Wednesday, March 23, 2016

Playing the Big Fiddle while Rome burns?

We've seemed to have forgotten the trust-busting era that was necessary to control monopolistic acquisition of resources.  That was over a century ago, and now we're again allowing already huge companies to merge and coalesce.  It's rationalized in various ways, naturally, by those on the gain.  It's the spirit and the power structure of our times, for whatever reason.  Maybe that explains why the same thing is happening in science as universities coo over their adoption of 'the business model'.

We're inundated in jargonized ways of advertising to co-opt research resources, with our  'omics' and 'Big Data' labeling.  Like it or not, this is how the system is working in our media and self-promotional age.  One is tempted to say that, as with old Nero, it may take a catastrophic fire to force us to change.  Unfortunately, that imagery is apparently quite wrong.  There were no fiddles in Nero's time, and if he did anything about the fire it was to help sponsor various relief efforts for those harmed by it.  But whatever imagery you want, our current obsession with scaling up to find more and more that explains less and less is obvious. Every generation has its resource competition games, always labeled as for some greater good, and this is how our particular game is played.  But there is a fire starting, and at least some have begun smelling the smoke.

Nero plucks away.  Sourcc: Wikipedia images, public domain
The smolder threatens to become an urgent fire, truly, and not just as a branding exercise.  It is a problem recognized not just by nay-saying cranks like us who object to how money is being burnt to support fiddling with more-of-the-same-not-much-new research.  It is an area where a major application of funds could have enormously positive impact on millions of people, and where causation seems to be quite tractable and understandable enough that you could even find it with a slide rule.

We refer to the serious, perhaps acute, problem with antibiotic resistance.  Different bugs are being discovered to be major threats, or to have evolved to become so, both for us and for the plants and animals who sacrifice their lives to feed us. Normal evolutionary dynamics, complemented with our agricultural practices, our population density and movement, and perhaps other aspects of our changing of local ecologies, is opening space for the spread of new or newly resistant pathogens.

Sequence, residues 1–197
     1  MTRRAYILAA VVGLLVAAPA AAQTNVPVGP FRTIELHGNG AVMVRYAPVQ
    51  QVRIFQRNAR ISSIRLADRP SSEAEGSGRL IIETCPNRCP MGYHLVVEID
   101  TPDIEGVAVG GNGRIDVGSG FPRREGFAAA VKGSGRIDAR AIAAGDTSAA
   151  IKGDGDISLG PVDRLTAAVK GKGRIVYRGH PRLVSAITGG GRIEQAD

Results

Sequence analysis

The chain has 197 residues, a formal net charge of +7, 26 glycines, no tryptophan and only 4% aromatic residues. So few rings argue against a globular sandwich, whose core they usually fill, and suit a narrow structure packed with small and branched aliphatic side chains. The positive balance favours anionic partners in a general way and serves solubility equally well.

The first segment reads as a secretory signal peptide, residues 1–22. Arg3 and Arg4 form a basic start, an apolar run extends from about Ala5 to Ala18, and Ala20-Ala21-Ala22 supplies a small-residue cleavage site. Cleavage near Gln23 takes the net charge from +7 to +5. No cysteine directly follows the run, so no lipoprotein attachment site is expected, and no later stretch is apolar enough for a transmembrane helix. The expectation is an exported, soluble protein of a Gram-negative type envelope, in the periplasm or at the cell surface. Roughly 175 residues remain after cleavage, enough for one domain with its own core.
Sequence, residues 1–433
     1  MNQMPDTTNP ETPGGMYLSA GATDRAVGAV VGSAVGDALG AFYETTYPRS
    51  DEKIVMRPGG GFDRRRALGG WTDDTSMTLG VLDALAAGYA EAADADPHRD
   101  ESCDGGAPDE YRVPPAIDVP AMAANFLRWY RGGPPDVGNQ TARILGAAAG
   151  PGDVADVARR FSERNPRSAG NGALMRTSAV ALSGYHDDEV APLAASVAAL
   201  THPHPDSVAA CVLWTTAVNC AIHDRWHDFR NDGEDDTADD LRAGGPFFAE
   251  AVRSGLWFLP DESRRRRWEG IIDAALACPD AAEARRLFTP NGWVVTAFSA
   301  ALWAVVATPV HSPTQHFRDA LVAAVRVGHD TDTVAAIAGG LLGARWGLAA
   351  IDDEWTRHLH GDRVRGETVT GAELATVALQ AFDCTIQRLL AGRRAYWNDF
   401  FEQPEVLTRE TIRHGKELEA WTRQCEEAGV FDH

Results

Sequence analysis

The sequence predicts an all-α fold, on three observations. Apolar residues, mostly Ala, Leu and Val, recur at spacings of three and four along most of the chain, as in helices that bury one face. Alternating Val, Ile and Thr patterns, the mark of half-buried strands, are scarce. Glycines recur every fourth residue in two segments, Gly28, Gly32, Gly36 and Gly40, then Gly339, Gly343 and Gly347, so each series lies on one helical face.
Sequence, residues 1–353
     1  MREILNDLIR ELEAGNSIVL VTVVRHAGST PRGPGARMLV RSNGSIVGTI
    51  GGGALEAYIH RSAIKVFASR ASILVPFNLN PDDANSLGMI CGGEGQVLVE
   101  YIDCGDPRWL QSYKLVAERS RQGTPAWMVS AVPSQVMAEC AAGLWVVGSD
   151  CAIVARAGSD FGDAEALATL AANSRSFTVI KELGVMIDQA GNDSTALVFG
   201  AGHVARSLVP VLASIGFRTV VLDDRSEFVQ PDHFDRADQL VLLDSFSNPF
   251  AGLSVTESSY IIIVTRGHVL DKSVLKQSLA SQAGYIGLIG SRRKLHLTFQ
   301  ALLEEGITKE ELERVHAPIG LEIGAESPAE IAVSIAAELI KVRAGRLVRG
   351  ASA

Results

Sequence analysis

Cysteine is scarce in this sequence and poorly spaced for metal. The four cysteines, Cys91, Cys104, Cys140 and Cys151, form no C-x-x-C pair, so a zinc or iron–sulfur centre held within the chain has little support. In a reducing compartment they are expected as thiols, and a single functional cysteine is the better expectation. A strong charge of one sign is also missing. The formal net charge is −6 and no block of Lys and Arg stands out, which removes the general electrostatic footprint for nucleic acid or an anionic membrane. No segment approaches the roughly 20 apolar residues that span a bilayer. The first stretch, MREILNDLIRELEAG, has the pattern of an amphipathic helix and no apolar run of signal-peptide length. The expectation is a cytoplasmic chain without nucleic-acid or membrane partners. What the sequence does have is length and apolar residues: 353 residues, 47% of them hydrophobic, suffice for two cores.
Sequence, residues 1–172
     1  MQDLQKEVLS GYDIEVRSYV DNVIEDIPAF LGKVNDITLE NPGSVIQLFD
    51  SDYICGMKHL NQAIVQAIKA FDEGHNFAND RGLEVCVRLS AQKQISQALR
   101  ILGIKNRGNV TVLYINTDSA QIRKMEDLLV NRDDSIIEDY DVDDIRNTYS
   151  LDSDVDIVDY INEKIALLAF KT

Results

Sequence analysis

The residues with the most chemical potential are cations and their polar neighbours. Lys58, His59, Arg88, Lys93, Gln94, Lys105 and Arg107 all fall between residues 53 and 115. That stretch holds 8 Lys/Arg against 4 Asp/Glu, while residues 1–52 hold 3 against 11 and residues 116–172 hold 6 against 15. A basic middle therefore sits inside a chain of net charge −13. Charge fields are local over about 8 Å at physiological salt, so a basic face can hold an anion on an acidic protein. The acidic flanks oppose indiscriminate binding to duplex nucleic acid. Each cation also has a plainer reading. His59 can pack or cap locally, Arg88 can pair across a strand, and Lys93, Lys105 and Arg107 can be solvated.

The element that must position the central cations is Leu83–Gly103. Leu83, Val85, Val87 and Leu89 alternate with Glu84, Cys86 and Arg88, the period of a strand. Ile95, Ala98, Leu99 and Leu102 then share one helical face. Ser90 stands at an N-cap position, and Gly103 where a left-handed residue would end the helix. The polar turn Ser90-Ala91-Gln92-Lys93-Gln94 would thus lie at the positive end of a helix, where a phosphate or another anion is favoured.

This is a legitimate and perhaps imminent threat of a potentially catastrophic scale.  Such language is not an exercise in self-promotional rhetoric by those warning us of the problem. There is plenty of evidence that epidemic or even potentially pandemic shadows loom.  Ebola, zika, MRSA, persistent evolving malaria, and more should make the point and we have history to show that epidemic catastrophes can be very real indeed.

Addressing this problem rather than a lot of the wheel-spinning, money-burning activities now afoot in the medical sciences would be where properly constrained research warrants public investment.  The problem involves the ecology of the pathogens, our vulnerabilities as hosts, weaknesses in the current science, and problems in the economics of such things as antibacterial drugs or vaccinations.  These problems are tractable, with potentially huge benefit.

For a quick discussion, here is a link to a program by the statistical watchdog BBC Radio program MoreOrLess on antibiotic resistance  Of course there are many other papers and discussions as well.  We're caught between urgently increasing need, and the logistics, ecology, and economics that threaten to make the problem resistant to any easy fixes.

There's plenty of productive science that can be done that is targeted to individual causes that merit our attention, and for which technical solutions of the kind humans are so good at might be possible. We shouldn't wait to take antibiotic resistance seriously, but clearing away the logjam of resource commitments in genetic and epidemiological research to large weakly statistical efforts well into diminishing returns, or research based on rosy promises where we know there are few flowers, will not be easy...but we are in danger of fiddling around detecting risk factors with ever-decreasing effect sizes until the fire spreads to our doorsteps.


Manoj Samanta said...

MRSA is spreading very fast in India, and going to hospitals has become equivalent to death sentence for old people. A school friend of mine, who was not even old (mid 40s), died recently after being admitted to hospital.

Ken Weiss said...

Very sorry to hear that. The real crisis in modern health, if there is one, is that sort of thing, not whether we know more genes with trivial effects for late-onset diseases many of which can be avoided or delayed by lifestyle changes. The problem of investment in new antibiotics (that it's costly but then if the agent is used often it loses efficacy, so it is often not used except in emergencies) is one that is currently not being addressed adequately by society. As long as it's a matter of capitalistic profit, there's a problem. By measures of societal investment (and corrected priorities) or government buying new agents as suggested in the radio broadcast, we might do a lot better. We have the funds, I think, but we're spending them in other clearly less urgent ways.